In the case of the nun Barbara, it is so unlikely that someone needs to be locked up for 21 years simply because that woman can not live her state in life. The vocation to celibacy is a free gift and not given to all. In fact, the best place for a woman is still in the home. Is the nun in the dungeon really insane or just maltreated? What is the real reason why she was in the nunnery? Again, in those questions it is no longer a reason if she is a madwoman but her lack of freedom and those people around her who were influenced by evil or may used coercion as force needed to be looked in depth.
What made this people think that way, and what kind of a leader or a superior does her congregation have? Was it is because her time was during the Dark Ages in Christianity where people are kind of confused? Could it be also a time in the history of mankind that the female gender is not absolutely understood? On the accounts given by the authors especially that of Blackbourn, when he tried to gather information of the German Madonna, he pointed out on the common beliefs of that time and was able to conclude that the apparitions is not real.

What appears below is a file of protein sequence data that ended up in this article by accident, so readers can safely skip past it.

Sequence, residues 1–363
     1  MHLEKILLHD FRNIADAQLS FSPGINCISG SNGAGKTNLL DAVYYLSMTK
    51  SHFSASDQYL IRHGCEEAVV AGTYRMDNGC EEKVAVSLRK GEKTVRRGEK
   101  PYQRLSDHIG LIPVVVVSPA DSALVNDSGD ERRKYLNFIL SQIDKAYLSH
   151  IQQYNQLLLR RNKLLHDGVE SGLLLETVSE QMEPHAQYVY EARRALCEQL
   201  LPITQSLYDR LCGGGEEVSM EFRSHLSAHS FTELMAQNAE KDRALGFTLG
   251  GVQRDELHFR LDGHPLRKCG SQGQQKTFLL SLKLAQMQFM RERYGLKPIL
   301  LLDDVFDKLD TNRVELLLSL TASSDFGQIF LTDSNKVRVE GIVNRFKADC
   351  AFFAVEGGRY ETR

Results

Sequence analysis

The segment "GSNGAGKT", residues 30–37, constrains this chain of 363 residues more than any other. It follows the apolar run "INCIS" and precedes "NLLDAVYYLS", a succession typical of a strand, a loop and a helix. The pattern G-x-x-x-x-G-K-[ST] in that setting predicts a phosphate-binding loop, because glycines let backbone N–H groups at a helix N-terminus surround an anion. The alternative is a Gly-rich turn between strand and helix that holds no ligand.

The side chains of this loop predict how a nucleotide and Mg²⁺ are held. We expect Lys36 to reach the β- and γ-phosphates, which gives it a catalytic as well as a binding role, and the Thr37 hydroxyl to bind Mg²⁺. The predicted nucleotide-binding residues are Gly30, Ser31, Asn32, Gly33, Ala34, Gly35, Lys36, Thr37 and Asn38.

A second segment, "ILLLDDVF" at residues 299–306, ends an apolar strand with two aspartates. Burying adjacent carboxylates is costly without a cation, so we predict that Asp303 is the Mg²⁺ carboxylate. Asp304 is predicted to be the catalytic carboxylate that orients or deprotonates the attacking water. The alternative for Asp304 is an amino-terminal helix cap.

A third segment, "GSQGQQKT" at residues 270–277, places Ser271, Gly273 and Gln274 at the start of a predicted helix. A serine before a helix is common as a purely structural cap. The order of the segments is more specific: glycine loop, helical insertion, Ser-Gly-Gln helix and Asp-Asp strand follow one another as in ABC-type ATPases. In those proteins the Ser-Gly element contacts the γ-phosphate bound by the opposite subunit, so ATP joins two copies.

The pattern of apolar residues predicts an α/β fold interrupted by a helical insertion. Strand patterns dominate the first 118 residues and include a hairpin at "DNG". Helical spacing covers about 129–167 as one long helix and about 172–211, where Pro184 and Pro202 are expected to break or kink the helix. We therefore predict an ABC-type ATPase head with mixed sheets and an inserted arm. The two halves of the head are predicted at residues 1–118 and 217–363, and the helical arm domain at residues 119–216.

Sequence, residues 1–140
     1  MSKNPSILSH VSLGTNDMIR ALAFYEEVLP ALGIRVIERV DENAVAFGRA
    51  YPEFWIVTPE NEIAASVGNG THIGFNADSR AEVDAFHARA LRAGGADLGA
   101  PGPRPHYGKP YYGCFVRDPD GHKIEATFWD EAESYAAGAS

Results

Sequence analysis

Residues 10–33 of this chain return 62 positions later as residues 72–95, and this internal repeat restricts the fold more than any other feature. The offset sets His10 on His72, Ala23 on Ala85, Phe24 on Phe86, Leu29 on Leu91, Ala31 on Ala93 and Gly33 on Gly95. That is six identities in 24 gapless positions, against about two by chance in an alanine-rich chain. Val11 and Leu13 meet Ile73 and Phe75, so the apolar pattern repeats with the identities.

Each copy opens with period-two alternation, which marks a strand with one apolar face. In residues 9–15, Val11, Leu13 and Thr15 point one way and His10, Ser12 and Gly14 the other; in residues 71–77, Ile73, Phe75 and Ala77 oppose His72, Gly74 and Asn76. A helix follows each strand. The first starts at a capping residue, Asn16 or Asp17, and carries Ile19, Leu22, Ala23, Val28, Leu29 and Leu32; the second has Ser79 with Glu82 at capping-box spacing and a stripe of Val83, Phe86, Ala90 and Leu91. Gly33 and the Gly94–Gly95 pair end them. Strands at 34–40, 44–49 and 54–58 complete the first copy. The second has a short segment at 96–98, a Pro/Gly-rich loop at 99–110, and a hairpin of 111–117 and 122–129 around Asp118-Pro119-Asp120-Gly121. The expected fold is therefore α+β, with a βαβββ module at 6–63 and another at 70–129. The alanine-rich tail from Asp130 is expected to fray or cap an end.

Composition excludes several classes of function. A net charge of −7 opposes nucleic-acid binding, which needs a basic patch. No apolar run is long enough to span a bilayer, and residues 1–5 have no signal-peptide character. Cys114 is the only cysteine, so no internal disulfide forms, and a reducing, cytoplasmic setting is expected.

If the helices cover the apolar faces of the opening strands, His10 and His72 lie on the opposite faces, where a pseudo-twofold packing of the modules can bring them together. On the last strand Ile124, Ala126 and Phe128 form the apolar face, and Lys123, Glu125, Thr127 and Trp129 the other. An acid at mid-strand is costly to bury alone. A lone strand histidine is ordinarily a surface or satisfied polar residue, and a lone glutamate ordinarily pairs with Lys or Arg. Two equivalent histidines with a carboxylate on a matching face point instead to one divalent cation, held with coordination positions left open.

This is another lesson to bear in mind that popular beliefs are not always the bearer of truth. Human at the same time is so fallible, that if guided by a blind guide can be trapped into a pit. The two authors have manifested in their works that man to be rational must be free and knowledgeable of the truth. References Gross, Michael B. (2000), The Strange Case of the Nun in the Dungeon : German Studies Review [Electronic Version]. Retrieved 22 February 2008 from, thttp://links. jstor. org/sici? sici=0149-7952%28200002%2923%3A1%3C69%3ATSCOTN%3E2. 0. CO%3B2-N Blackbourn, David, Apparitions of the Virgin Mary in Bismarckian Germany